Have you ever been to a book burning? To this day, people still protest against some of the material in Mark Twain's books. Schools around the world ban Catcher in the Rye, written way back in 1951. When you're writing from the heart, and writing something that's going to resonate, creating a real world using nothing but your words, you might end up stepping on a few toes. Offensive and adult subject matter might creep in, and sometimes touchy subjects have to be included in a work to create the powerful effect the author wants. But when you start stepping on toes, you've got to be prepared to get kicked right in the pants.
Let's Write About Sex
Dare you to sit through just one hour of television without finding some reference to sex, either overt or well-hidden. It's in the beer commercials where the women run around braless, it's in the dating commercials where the two mildly attractive people lock eyes and stare suggestively at each other. It's even in the sitcoms, when sex becomes a joke (because everything's a joke). It's even in the car commercials. It's everywhere, because sex sells. And if you've ever walked through the book aisle of a grocery store, you know good and well it sells books, too. Even one of the Twilight books (and movies) had a sex scene, and those are primarily marketed to teenagers.
Sex is, quite frankly, part of living. Everyone who is alive would never have been so without sex. Whether you're writing a romance, love story, comedy or tragedy, sex might happen. It's definitely going to happen in some cases, and it's your job as a writer to figure out exactly how you need to handle it.
There's a thin line between writing erotica and writing romance novels. Both kinds of books have sex scenes, but one is much more explicit than the other (can you guess which?). Erotica novels are built around sex and sexual encounters; by contrast, romance novels focus on love (with sex sprinkled in). It's confusing, because you can write very sexy, very erotic scenes into a romance novel and still not be writing erotica. Romance writer Jennie Bryant summed it up succinctly in her blog, where she wrote that the sex in romance novels is built around feelings, with mild euphemisms used to describe the action (you'll find pleasant-sounding words for the male anatomy, like "member," and sweet words for the female's, like "mound"). In erotica, the sex is far more graphic and vivid -- and much more present throughout the book. The words and descriptions are more in-your-face, and the sex is present throughout. If you are writing a romance or an erotica novel, always stick to the basic rules.
Why? Because you don't want to alienate your readers. Many women are drawn to romance novels because they want all that gooey love junk, and explicit sex scenes more akin to erotica novels will feel, to them, like a bit of a betrayal.
Sex might happen even if you aren't writing within the safe confines of a sex-specific genre, however. If it can happen in Twilight, it can happen anywhere. Love and sex are often present in many books, from mysteries to teen fiction, because (once again) it's a basic part of life. But sex scenes in these off-genre novels shouldn't read anything at all like sex in romance novels. Forget all the stuff you learned about vivid imagery and descriptive writing. Be vague while still getting the point across. It's tempting, and sort of easy, to spice up any novel with a thrilling sex scene -- but a sex scene can still be good without giving readers a full blow-by-blow. If your readers don't expect it, they may not like it...and that's when you start moving into offensive territory. Once you've been branded with that label and started to piss off your readers, you might find yourself getting burned by the flames. Take a gentle hand when writing sex scenes into off-genre novels, and avoid alienating your readers.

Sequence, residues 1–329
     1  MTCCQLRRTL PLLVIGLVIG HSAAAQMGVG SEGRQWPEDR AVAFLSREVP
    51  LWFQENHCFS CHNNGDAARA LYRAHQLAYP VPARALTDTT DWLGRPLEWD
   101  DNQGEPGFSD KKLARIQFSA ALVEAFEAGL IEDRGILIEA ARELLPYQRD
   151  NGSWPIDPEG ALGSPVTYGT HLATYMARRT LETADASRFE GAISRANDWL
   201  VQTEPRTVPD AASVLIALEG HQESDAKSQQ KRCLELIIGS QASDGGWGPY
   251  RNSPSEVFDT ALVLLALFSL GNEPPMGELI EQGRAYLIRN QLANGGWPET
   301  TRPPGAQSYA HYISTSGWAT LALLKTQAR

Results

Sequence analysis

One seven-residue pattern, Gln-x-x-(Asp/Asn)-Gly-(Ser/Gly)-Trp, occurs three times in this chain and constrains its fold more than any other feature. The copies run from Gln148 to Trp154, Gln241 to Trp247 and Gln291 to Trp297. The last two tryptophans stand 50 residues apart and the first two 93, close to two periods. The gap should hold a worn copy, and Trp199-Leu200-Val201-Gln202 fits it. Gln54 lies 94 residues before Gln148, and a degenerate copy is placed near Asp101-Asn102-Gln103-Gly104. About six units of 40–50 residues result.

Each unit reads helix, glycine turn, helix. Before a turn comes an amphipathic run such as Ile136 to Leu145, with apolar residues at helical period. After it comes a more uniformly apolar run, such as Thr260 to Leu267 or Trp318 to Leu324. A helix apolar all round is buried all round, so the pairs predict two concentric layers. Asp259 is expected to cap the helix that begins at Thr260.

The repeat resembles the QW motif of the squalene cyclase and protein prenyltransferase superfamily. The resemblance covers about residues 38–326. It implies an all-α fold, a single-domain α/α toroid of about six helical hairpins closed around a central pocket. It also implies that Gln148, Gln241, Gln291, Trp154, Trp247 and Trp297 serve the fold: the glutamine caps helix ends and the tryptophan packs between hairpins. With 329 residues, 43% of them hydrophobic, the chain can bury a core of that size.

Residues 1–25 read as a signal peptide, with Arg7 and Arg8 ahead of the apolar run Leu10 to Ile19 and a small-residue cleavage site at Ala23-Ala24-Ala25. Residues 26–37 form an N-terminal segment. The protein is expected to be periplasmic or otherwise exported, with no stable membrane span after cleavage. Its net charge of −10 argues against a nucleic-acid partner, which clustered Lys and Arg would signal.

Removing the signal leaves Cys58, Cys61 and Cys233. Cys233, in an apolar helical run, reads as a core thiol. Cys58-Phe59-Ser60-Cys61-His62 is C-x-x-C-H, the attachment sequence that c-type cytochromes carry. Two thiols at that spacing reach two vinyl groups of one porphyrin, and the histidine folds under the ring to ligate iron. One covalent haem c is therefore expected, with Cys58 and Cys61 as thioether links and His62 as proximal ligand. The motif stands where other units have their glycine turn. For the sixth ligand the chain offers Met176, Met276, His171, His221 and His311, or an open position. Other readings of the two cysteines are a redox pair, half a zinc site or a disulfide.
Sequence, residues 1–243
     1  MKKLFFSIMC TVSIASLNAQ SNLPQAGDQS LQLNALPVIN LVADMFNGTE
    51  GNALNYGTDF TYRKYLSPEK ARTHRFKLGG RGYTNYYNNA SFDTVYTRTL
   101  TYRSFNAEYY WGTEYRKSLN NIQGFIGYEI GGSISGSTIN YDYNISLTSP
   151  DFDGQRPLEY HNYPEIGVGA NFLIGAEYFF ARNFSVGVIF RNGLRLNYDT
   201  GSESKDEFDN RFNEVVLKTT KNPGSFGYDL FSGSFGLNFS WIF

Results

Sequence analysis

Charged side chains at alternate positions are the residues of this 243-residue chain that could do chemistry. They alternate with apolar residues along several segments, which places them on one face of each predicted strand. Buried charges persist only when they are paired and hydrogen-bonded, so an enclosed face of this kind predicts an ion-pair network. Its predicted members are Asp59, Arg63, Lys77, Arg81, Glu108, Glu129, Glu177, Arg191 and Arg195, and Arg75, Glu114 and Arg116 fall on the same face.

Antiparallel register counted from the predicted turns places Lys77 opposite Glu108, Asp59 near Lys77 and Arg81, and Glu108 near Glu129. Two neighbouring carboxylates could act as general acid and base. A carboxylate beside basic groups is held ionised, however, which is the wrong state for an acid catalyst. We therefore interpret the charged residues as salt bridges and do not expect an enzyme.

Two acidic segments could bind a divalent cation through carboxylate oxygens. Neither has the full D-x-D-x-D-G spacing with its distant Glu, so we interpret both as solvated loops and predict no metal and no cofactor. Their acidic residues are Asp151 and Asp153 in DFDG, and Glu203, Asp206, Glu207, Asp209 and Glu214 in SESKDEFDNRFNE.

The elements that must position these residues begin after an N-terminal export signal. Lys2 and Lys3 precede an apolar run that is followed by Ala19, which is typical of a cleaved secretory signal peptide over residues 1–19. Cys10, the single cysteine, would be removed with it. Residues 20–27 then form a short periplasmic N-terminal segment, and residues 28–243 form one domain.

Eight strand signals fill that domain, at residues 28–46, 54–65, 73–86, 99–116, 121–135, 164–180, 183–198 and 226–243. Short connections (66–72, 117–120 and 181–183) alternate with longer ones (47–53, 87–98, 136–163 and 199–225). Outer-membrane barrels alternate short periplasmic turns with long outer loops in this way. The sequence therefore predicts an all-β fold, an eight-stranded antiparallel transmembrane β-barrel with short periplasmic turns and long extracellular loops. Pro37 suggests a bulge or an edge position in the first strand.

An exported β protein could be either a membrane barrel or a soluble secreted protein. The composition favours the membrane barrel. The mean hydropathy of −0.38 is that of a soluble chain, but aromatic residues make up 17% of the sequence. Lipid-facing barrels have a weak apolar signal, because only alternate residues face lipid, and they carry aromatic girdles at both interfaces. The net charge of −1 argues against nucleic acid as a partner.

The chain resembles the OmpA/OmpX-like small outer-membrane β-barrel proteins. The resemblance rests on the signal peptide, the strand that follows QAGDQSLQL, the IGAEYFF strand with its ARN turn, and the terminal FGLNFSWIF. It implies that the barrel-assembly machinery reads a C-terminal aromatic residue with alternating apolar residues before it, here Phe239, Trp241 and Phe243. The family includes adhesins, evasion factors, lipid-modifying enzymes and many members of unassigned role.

Other Offensive Material
Religion. Politics. Racism. Even if you aren't writing about sex, there are plenty of land mines to navigate. Faith, political convictions and certain belief systems are part of the world, and they may become part of your story. Writing a passionately political character can be very exciting, and creating a villain with racist tendencies is a good way to illustrate some of the uglier aspects of human nature.
But it's dangerous. You could easily upset religious groups, parental groups, activists -- you could even piss PETA off if you've got a character who lives inside fur and leather goods. For realism's sake, and for the sake of the story you need to tell, you can't always skip the offensive parts of life. It's out there, and it may be a very necessary part of your story.
If you're going to include anything offensive or potentially incendiary, you've got to write carefully. Many writers find a way to introduce this subject matter and skirt the line of decency without actually crossing it. There are many literary tricks you can try to help balance out your work. If one character is an extremist, for example, you might create an additional character to serve as a counterpoint -- someone to introduce the opposite point of view. You've got to be sensitive to all sides when you're dancing around a potentially offensive subject; often, writers will have offensive characters come to ill ends in their books to include a moral lesson or commentary on their behavior. Be careful about how you use racial slurs and other offensive material in your writing. It can be effective, but at times it can be too effective for getting your readers fired up and passionate. If there's something in your work that gives you pause, test the story out on a beta reader or two before you release it to the public. A second opinion can provide valuable insight and help you more safely steer through the waters of offensive writing.